Patents - Eli Lilly v Genentech

Colonel Eli Lilly, Source Wikipedia Eli Lilly

Jane Lambert

Patents Court (Mr Justice Arnold) Eli Lilly and Co. and others v Genentech Inc [2019] EWHC 387 (Pat) (1 March 2019)

This was a claim for the revocation of Genentech Inc.'s European patent EP1641822 for heterologous polypeptides and therapeutic uses thereof on grounds of want of novelty, obviousness and insufficiency and a declaration of non-infringement of the patent; Genentech counterclaimed for infringement alleging that Lilly's product Ixekizumab marketed under the trade mark Taltz infringed its patent. The action and counterclaim came on before Mr Justice Arnold as he then was. The judge also had to decide whether Genentech was entitled to a supplemental protection certificate in relation to the patent. His lordship dealt with that issue in a separate judgment (see Eli Lilly And Company v Genentech, Inc No. 2 [2019] EWHC 388 (Pat) (1 March 2019) which I discussed in Supplemental Protection Certificates - Eli Lilly and Co. v Genentech Inc. 18 July 2019).

Complexity of the Case
His lordship described the case as one of the most complex that he had ever tried noting that he had considerable experience of trying complex patent cases. He observed that there were a large number of issues, and a formidable body of material addressing them. Lilly’s written closing submissions ran to 607 paragraphs and Genentech’s to 423, Both documents incorporated by reference additional sections from the parties’ respective opening skeleton arguments. There were 24 reports from nine expert witnesses running to 676 pages (including annexes, but excluding exhibits). The experts were efficiently cross-examined over seven and a half days. There were over 300 scientific papers (including a few abstracts) in the trial bundles plus extracts from two books.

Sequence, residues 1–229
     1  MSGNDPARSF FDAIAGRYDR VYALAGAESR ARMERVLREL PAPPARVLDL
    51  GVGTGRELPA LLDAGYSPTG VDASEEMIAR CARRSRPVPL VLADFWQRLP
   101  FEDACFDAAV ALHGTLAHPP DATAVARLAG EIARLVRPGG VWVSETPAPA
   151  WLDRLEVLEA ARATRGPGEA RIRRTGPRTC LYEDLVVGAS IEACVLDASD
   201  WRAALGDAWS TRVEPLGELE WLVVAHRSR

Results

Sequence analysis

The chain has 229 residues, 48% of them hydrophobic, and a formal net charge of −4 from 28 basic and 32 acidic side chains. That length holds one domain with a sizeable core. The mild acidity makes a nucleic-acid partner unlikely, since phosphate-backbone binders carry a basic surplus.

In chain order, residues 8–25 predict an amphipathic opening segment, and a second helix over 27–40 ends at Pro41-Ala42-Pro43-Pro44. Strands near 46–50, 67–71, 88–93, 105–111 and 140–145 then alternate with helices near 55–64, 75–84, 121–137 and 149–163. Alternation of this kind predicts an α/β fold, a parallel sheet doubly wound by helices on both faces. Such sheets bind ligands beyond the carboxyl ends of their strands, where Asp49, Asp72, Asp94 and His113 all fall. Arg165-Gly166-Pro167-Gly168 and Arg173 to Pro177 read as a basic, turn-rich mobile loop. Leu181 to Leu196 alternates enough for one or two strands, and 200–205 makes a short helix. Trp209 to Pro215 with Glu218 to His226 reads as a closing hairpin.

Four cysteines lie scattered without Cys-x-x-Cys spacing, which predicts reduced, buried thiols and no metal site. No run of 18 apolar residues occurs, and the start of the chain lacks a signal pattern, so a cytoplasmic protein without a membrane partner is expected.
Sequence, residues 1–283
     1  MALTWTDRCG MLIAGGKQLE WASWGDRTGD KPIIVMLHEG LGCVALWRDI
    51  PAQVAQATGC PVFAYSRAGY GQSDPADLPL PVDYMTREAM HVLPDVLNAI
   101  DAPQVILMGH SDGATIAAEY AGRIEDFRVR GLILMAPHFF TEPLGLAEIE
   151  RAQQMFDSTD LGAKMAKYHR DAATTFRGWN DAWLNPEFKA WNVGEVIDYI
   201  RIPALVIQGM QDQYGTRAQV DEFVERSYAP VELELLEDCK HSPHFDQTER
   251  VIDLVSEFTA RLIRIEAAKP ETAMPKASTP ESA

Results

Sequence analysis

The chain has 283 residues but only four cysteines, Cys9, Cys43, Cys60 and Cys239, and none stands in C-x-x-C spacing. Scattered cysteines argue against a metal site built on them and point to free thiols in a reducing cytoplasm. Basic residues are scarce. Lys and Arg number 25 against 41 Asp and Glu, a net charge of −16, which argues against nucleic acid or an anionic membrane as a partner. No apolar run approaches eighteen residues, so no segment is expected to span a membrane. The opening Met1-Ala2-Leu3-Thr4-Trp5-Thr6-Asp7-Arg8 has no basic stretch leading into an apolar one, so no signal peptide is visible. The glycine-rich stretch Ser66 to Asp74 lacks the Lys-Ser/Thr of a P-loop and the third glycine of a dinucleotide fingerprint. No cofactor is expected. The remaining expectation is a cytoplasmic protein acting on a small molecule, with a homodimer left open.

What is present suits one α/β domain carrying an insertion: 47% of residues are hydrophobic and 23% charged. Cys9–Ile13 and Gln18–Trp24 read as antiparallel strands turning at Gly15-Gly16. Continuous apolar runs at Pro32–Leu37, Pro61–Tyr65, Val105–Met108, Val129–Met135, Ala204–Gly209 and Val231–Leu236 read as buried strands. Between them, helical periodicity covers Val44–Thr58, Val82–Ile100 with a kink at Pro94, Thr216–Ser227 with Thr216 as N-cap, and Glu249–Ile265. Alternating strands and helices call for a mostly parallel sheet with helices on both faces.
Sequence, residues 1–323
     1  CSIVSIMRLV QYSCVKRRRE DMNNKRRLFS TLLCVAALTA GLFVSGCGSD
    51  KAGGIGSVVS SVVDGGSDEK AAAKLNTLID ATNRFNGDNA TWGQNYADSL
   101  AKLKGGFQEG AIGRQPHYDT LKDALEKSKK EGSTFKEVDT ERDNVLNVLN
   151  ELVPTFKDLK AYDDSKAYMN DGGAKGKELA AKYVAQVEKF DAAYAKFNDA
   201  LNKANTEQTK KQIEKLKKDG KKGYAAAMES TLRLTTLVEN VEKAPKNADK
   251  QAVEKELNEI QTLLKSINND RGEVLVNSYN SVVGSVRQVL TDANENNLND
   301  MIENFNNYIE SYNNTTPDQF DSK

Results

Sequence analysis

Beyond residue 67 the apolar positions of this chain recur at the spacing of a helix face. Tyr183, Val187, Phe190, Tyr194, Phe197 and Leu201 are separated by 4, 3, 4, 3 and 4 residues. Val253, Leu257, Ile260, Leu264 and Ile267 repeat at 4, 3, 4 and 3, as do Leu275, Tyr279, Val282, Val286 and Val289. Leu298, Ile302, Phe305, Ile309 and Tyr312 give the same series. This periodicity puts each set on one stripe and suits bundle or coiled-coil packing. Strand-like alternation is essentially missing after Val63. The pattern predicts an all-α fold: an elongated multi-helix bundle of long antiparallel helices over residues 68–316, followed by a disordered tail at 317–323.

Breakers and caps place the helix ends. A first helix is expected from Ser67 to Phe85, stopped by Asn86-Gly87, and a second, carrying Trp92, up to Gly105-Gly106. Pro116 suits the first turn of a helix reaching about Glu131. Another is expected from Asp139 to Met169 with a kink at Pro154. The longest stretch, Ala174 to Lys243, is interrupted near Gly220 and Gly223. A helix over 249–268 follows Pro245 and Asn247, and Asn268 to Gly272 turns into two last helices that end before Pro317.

Amendment of the Claims
Before the trial started, Genentech applied for the deletion of its first 26 claims, the amendment of the 27th which was renumbered as "1", the insertion of a new claim 2, the deletion of much of the renumbered claim 12, the deletion of the old claim 41, and substantial amendments of renumbered claims 13, 14, 15, 20 and 22. Those amendments appear at paragraph [180] of Mr Justice Arnold's judgment. Eli Lilly opposed the application on grounds of added matter, extension of protection and lack of clarity.  The judge considered all those objections and rejected them except for the substitution of the words "consist of" for "comprise" in new claims 1 and 14.

At paragraph [411] of his judgment. Mr Justice Arnold summarized the case for want of novelty:

"First, Lilly contend that it is an inevitable result of working the IL-17A/A prior art that antibodies which also bind to IL-17A/F are produced. Secondly, Lilly rely upon case law of the Boards of Appeal to the effect that a claimed class of compounds lacks novelty if it overlaps with a class of compounds disclosed in the prior art. Thirdly, Lilly rely upon the principle that novelty cannot be established by just providing more information about the same invention."

The judge dealt with those arguments peremptorily at [412]:

 "Without intending any disrespect to the lengthy submissions I received on these issues, I do not propose to discuss them in any detail. For reasons that will become apparent when I consider obviousness, I have concluded that it is not inevitable (or at least has not been proved to be inevitable) that anti-IL-17A/A antibodies produced in accordance with the prior art will bind to IL-17A/F as well. In those circumstances, I do not consider that it can be said that the Patent merely provides more information about the prior inventions. Nor do I consider that this is a case of overlapping classes of compounds: compare Dr Reddy’s Laboratories (UK) Ltd v Eli Lilly and Co Ltd [2009] EWCA Civ 1362, [2010] RPC 9."

His lordship noted at [397] that there was no dispute as to the relevant principles of law, which were very familiar, and so there was no need for him to set them out. The prior art upon which Eli Lilly relied included US patent number 6,043,344 entitled Human CTLA-8 and uses of CTLA-8-related proteins which disclosed:

"Polynucleotides encoding human CTLA-8 and related proteins are disclosed. Human CTLA-8 proteins and methods for their production are also disclosed. Methods of treatment using human CTLA-8 proteins, rat CTLA-8 proteins and herpesvirus herpes CTLA-8 proteins are also provided."

Between paragraphs [400] and [402] Mr Justice Arnold disposed of claims  1, 2, 13, 14 and 15: